Defined by time and skill, my artistic practice demands intense patience and attention to detail. The magical pieces in glass and enamel, glow with fabulous color and depth, indicating a lengthy and intricate process, not evident by the casual viewer. When enameling, utilizing a metal substrate of gold, silver, or copper provides a foundation for the piece. Once fabricated, I apply enamel powders to the metal, then fire them at around 1300 to 1500 degrees Fahrenheit. The high temperatures allow the enamel to melt until it is smooth. After they cool, I finish the pieces using diamond wet saws and flat grinders in the cold working process.
Producing my glass vessels requires the use of glass sheets, as well as, glass powders therefore, the glass provides both, the support for the piece and the decorative color. Fusing these materials can take from 24 hours up to 5 days. Some pieces demand many different fusing/cold-working steps. The more colors or different types of glass used in the piece; the more steps involved in creating the final product. My work can be very complex depending on the different colors, textures and glass powders used. I try to make this extremely laborious processes appear seamless in the end.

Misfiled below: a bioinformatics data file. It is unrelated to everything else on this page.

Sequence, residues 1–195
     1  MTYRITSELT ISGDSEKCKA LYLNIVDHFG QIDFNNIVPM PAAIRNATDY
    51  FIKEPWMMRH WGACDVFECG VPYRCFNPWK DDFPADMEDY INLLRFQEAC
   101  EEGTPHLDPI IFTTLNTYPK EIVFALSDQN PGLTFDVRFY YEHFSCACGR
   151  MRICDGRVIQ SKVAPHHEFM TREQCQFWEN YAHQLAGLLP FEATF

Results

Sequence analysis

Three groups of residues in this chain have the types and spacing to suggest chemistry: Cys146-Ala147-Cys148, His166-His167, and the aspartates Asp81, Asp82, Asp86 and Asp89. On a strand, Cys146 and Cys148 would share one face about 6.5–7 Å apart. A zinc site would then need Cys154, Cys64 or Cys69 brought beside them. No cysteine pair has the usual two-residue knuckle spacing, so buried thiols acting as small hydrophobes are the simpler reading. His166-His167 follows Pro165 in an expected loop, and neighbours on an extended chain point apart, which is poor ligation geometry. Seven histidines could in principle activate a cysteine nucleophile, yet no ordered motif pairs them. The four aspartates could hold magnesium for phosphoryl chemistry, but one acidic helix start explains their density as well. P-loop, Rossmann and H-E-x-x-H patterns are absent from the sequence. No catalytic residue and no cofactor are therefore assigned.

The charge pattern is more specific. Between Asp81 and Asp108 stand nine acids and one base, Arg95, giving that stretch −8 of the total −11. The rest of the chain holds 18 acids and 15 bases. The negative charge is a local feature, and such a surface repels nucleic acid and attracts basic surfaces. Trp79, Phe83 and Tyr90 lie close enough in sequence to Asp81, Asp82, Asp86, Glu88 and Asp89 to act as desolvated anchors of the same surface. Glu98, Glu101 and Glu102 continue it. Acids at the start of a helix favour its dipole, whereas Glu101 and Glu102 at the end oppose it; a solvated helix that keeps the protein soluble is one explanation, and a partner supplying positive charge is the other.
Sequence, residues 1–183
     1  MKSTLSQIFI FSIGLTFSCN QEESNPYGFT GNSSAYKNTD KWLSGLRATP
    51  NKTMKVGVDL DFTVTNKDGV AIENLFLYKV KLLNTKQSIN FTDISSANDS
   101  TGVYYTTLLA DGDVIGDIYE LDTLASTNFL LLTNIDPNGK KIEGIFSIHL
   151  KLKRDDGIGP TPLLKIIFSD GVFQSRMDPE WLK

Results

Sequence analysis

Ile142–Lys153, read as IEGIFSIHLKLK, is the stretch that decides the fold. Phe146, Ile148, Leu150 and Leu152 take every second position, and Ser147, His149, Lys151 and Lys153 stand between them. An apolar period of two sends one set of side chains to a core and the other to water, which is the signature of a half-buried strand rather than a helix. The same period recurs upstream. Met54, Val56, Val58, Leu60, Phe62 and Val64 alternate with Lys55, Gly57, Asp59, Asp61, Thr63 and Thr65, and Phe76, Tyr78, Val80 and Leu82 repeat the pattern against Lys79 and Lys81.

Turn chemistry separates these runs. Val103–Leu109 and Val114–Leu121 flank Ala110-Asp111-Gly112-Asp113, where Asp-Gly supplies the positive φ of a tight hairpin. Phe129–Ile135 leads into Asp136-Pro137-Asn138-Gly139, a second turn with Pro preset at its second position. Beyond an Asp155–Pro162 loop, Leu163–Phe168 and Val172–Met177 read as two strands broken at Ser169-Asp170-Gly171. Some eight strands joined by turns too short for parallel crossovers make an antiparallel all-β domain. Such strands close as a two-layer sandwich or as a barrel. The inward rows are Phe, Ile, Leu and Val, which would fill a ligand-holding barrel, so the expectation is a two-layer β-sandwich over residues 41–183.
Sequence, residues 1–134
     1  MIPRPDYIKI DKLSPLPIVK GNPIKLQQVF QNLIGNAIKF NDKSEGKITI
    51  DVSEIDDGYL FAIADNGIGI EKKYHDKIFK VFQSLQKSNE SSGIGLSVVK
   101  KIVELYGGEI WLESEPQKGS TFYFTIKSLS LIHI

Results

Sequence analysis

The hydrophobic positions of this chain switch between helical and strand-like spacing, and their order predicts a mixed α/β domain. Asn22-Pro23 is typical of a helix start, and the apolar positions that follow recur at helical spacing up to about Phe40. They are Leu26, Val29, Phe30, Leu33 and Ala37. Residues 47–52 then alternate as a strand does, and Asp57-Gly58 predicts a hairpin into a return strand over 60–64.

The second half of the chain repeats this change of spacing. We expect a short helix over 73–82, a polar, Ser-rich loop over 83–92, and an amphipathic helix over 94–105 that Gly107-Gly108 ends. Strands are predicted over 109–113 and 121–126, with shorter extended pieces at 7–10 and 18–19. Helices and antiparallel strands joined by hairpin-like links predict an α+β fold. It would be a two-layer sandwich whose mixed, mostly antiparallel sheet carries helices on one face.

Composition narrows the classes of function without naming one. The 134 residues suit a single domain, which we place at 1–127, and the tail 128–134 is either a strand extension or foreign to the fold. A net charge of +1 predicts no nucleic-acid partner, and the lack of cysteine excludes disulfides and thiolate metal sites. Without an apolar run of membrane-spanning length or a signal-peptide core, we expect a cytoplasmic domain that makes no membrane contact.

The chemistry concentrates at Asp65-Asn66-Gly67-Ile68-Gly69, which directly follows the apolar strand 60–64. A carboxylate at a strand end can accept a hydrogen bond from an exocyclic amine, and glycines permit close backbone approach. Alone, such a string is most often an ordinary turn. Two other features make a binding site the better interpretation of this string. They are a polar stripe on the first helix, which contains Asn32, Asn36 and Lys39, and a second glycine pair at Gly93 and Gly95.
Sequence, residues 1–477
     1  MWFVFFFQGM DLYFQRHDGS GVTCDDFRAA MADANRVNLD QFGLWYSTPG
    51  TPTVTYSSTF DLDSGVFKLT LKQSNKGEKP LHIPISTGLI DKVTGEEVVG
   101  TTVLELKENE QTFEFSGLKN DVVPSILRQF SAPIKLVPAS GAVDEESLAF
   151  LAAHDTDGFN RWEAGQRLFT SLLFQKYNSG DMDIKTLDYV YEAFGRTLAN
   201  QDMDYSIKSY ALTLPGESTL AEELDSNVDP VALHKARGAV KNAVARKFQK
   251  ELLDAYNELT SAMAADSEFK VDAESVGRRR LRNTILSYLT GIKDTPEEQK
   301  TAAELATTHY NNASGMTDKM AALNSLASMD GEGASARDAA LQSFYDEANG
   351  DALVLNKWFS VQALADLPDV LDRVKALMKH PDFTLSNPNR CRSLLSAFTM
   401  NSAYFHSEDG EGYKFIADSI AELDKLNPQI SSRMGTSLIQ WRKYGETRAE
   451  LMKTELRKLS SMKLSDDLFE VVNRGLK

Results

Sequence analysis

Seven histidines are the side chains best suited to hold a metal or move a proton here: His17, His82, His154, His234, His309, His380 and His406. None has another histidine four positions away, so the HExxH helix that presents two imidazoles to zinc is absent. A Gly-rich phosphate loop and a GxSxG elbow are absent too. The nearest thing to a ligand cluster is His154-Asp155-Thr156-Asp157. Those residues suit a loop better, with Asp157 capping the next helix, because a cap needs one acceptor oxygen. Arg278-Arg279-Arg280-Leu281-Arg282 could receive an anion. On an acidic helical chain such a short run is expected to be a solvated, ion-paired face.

My journey to the world of art came late in my life, in fact, I always believed that healing was my natural calling. When I was younger, I went to pharmacy school, then, to medical school where I learned to hone my healing abilities. This led to a twenty-five-year career as an orthopedic spine surgeon where I helped many people with broken and injured spines, stand up straight and regain function.
But, like the body with a bad back, life never follows a straight line. After a strenuous medical issue of my own, I found myself challenged to develop a new paradigm for life. I chose art as my new vehicle for my emotional and spiritual healing practice. Now my true passion, on my best days, it provides nirvana, peace and ecstasy. On bad days, a meditative internal mind therapy. Problems and roadblocks stimulate my creativity as I explore color, form, texture and light. I now have a new mechanism for healing through art. Not only have I healed my own body and soul, but hopefully, inspire the healing power in others through my art.